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Four Arabs Killed; Palestinians Mount General Strike

March 16, 1988

JERUSALEM (AP) _ Four Arabs were reported killed Wednesday, bringing the total to 100 since battles with Israeli soldiers began in the occupied lands Dec. 8, and Palestinians shut their cities and towns in a general strike.

The strike was a message to U.S. and Israeli leaders that the Palestine Liberation Organization must have a role in peace talks. The PLO had ordered it in a leaflet, saying the purpose was to show there is ″no alternative to an independent state led by the PLO, our sole representative.″

President Reagan said after meeting in Washington with Prime Minister Yitzhak Shamir of Israel that he would not revise or abandon the U.S. plan for Middle East peace talks.

Shamir expressed ″strong reservations″ about some aspects of the plan. It does not envision PLO participation.

Defense Minister Yitzhak Rabin defended sanctions on Arabs in the West Bank and Gaza Strip, which Israel captured from Jordan and Egypt in the 1967 Middle East war. He said cutting telephone lines, banning travel and imposing curfews prevent activists from preparing attacks on Israelis.

Guerrillas in Lebanon fired several rockets into northern Israel, causing slight damage in one community, the army said.

The settlement’s name was withheld for security reasons but its secretary, Zvi Zmora, said on Israel radio some residents were alarmed by ″a feeling of gradual escalation″ in attacks from Lebanon.

Police detained an Arab-American advocate of non-violent rnd the Arab-run Palestine Press Service said.

Hundreds of Palestinians built roadblocks, set tires ablaze and hurled stones at soldiers, who responded with tear gas, rubber bullets and live ammunition.

The army reported seven Palestinians wounded and two dead near Tulkarm but the press agency said there were three dead. It identified them as Salim al Yehyeh, 60, who died after soldiers threw tear gas into his home, and Ashraf Mahmoud Ibrahim, 15, and Hisham Daoud Alush, 23, both killed by gunfire.

Army spokesmen confirmed the deaths of Yehyeh and Alush and said the circumstances were being investigated. They said the report of a third death was being checked.

Soldiers shot 25-year-old Omar Yassin Hamarshi dead in Yabad, a West bank village 50 miles north of Jerusalem, hospital officials in nearby Jenin reported. The army confirmed the death and said it was investigating.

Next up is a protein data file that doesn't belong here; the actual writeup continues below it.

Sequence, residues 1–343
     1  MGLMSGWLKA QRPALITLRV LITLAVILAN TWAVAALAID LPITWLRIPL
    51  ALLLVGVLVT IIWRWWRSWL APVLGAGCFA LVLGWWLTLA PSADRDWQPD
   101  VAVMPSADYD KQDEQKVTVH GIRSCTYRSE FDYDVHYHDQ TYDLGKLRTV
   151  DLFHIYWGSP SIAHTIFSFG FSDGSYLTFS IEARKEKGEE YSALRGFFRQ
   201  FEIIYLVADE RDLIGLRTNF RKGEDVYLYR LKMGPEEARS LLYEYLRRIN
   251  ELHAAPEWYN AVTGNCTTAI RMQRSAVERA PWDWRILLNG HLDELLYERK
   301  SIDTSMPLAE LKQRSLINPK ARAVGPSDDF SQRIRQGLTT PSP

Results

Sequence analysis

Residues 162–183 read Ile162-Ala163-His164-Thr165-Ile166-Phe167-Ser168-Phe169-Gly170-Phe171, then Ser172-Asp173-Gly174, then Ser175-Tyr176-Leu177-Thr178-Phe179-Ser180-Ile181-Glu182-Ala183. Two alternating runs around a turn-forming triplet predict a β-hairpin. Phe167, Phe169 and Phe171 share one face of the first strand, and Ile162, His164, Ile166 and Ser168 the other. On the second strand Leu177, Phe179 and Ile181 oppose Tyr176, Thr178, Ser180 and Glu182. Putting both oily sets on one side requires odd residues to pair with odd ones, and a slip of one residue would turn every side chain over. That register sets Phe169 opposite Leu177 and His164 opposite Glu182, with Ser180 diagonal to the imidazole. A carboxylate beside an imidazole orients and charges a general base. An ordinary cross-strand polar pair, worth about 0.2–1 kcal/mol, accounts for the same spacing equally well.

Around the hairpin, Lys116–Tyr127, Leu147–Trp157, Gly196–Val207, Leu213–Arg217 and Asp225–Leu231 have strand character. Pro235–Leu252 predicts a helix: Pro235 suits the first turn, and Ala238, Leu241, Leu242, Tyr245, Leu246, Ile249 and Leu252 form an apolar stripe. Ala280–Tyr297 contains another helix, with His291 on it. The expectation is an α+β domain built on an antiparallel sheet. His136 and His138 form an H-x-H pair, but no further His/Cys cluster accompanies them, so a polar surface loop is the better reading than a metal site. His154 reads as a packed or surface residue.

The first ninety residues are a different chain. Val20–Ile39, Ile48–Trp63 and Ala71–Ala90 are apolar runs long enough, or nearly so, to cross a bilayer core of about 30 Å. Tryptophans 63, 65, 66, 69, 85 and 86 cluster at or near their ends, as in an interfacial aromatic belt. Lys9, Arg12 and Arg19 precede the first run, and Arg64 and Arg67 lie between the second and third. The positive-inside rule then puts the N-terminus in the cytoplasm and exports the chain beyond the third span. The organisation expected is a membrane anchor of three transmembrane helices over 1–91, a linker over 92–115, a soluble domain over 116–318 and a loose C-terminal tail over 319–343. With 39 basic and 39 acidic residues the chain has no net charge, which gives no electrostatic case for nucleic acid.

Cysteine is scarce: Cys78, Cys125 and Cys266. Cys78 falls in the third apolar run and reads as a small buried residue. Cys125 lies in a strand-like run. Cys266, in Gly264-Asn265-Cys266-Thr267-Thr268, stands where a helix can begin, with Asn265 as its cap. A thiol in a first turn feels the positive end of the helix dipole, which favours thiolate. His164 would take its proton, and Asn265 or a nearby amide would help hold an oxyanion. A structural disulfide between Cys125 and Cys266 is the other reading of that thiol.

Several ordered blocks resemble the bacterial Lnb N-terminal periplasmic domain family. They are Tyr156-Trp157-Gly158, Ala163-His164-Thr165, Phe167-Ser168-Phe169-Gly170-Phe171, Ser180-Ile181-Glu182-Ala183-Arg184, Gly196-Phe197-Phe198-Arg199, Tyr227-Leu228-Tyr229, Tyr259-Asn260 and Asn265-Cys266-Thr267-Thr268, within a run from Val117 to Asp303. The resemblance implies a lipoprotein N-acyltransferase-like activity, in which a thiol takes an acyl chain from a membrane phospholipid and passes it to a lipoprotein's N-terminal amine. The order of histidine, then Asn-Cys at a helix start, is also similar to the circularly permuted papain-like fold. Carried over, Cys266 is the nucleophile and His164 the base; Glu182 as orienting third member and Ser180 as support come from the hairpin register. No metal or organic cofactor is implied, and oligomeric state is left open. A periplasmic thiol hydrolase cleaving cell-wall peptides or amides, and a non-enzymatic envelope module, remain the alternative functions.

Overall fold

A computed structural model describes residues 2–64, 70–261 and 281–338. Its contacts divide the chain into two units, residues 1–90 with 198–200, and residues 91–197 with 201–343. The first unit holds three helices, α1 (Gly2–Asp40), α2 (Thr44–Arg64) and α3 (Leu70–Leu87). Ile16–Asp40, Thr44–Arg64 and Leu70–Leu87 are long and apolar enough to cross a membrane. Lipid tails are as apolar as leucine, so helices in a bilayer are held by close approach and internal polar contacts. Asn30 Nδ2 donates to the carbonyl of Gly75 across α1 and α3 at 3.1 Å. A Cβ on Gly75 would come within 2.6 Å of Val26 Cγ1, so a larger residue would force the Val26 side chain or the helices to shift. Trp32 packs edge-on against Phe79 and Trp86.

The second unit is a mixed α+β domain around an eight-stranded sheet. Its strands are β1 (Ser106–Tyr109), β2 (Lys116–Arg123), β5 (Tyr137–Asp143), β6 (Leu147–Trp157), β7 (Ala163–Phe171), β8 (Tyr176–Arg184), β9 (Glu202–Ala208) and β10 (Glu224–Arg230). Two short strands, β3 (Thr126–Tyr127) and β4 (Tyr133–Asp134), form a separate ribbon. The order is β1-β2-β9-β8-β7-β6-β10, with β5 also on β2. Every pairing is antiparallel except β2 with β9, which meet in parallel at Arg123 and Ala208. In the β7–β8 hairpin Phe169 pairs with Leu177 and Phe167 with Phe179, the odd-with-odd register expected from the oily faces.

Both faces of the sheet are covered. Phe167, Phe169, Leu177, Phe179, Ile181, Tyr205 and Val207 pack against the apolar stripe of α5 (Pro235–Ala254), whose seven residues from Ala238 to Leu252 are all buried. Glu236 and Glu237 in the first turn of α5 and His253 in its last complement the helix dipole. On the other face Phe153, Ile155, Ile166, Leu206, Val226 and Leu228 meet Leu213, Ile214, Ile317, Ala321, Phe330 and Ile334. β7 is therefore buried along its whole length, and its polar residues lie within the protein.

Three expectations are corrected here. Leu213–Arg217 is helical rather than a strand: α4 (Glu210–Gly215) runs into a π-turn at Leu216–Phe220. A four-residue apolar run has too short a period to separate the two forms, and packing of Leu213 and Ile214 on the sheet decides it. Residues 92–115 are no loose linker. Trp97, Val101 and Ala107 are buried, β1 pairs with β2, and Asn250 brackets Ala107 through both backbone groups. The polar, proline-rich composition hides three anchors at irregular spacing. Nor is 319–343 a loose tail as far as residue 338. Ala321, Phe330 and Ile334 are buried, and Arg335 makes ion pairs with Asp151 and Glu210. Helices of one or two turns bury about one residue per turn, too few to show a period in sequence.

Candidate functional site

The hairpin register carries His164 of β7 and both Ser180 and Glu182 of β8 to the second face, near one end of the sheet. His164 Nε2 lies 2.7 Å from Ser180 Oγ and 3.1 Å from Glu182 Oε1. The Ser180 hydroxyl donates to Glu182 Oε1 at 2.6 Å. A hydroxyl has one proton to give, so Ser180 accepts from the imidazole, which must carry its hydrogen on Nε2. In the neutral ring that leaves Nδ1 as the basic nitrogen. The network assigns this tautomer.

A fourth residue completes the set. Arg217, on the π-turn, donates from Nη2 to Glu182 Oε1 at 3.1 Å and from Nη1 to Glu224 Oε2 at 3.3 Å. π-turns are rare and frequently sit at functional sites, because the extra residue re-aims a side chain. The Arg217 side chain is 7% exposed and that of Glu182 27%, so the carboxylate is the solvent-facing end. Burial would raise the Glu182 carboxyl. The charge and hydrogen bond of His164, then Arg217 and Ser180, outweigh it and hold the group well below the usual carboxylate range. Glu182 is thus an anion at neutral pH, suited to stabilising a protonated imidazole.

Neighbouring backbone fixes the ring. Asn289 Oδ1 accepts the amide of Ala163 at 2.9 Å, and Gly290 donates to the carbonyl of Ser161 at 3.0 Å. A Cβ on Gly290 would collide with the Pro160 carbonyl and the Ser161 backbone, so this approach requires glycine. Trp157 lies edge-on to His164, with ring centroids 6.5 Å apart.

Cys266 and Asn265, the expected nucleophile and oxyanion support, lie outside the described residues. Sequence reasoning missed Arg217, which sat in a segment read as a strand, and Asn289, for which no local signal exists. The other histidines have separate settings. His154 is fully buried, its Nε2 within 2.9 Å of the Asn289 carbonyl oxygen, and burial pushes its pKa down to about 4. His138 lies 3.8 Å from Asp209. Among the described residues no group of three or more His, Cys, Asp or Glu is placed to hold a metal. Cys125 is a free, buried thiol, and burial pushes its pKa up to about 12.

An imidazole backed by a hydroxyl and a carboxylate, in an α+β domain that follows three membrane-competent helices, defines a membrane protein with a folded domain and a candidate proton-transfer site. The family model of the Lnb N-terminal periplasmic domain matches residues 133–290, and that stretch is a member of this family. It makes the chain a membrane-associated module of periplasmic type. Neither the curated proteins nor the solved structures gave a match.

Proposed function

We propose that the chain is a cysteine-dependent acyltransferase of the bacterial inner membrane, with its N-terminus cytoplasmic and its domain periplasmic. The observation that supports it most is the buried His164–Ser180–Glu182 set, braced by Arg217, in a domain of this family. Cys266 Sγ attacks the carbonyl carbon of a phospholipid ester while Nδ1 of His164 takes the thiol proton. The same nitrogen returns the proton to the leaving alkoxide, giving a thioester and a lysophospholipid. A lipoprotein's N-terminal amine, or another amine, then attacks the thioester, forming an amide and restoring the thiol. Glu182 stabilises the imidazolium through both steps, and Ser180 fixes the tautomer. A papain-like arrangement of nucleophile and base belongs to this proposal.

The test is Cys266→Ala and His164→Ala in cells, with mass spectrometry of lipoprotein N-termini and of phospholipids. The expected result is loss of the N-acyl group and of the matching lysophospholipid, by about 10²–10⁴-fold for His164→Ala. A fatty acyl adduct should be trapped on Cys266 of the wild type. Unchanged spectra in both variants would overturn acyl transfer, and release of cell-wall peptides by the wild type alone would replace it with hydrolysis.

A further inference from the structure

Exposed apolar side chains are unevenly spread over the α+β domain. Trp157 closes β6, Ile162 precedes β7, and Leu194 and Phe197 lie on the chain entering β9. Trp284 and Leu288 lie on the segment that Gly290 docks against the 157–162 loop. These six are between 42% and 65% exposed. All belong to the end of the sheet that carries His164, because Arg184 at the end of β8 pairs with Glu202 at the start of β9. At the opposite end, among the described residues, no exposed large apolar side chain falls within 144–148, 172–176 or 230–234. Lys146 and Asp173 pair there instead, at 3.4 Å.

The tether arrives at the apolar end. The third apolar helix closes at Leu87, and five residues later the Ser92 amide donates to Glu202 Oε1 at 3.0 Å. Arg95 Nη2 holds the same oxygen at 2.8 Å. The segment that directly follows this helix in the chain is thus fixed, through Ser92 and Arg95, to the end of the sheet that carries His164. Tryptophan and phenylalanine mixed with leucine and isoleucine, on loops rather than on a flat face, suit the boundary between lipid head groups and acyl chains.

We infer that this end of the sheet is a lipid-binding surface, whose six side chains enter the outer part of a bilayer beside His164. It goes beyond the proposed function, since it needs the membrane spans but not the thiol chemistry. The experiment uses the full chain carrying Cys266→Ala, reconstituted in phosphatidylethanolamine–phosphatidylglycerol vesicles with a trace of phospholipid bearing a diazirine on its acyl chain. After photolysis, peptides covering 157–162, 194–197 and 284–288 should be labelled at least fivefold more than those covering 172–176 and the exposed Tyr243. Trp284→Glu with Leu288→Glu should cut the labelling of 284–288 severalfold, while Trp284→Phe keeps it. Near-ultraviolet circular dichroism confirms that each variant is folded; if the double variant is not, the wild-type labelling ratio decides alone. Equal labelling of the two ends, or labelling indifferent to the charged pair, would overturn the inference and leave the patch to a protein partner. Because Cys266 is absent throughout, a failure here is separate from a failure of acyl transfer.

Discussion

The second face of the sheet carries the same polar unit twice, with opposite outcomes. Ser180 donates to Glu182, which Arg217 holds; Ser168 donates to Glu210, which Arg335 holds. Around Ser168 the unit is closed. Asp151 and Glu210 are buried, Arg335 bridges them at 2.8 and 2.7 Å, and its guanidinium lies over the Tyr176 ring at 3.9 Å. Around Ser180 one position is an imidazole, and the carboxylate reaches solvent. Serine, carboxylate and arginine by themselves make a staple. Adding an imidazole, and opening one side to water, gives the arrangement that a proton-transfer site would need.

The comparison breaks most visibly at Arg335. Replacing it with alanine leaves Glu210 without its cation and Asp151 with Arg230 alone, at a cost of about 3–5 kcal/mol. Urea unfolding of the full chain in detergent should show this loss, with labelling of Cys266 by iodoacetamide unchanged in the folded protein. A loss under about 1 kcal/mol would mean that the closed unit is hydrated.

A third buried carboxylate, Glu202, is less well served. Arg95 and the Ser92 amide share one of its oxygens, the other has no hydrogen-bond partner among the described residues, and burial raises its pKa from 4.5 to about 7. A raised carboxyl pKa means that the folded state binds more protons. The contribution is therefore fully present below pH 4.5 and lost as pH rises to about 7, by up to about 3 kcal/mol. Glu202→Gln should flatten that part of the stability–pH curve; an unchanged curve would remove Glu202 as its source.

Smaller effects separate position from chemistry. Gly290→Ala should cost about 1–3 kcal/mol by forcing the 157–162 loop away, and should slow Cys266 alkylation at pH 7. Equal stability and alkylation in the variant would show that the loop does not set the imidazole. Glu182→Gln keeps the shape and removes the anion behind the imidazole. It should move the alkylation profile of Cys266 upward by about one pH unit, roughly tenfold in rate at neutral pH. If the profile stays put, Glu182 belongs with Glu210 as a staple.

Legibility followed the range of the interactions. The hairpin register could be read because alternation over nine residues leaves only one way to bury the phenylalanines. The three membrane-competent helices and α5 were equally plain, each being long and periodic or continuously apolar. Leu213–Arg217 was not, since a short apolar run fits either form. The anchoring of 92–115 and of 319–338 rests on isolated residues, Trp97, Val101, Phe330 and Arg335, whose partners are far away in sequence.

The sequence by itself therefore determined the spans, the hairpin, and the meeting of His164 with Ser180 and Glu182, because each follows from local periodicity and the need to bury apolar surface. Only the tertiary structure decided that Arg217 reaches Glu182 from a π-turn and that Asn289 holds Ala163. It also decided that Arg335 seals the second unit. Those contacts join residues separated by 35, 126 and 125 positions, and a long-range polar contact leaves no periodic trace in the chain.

Fourteen other Palestinians were wounded in the West Bank and Gaza, hospital officials told The Associated Press.

According to U.N. figures, at least 100 Palestinians have been killed in more than three months of ″the uprising,″ as the Arabs now call the violence, nearly all of them by Israeli bullets or beatings.

The general strike paralyzed the occupied territories for the second day. Stores were closed, public transport stopped and most of the 110,000 Arabs who work in Israel stayed home. Palestinian flags, which Israel has declared illegal, fiew from utility poles.

Israel closed the Hebron Bus Co., which serves about 100,000 Palestinians, until next week. Army officials said it violated a contract with Israel’s military government that forbids striking.

Rabin told a high school audience in Jerusalem the nightly 10 p.m.-3 a.m. curfews in the Gaza Strip were needed to ″reduce their (Arab activists’) capability to move by night, to prepare explosives ... to obstruct roads that carry workers to Israel.″

The Israelis have cut telephone lines connecting the occupied territories to foreign countries, forbidden travel and kept gasoline supplies from reaching the West Bank.

″We will use fuller and more sweeping measures to create an atmosphere encouraging the silent majority to restrain the extremists,″ he said.

Awad, a Palestinian with homes in Jerusalem and Ohio, is accused of attending an illegal gathering on the main road between Jerusalem and Nablus in the West Bank, police spokesman Rafi Levy said. He had no further details.

Jonathan Kuttab, Awad’s lawyer, said his client was questioned about taking two foreign television crews to a women’s sit-in in Isawiya, an Arab village incorporated into Jerusalem after the 1967 war.

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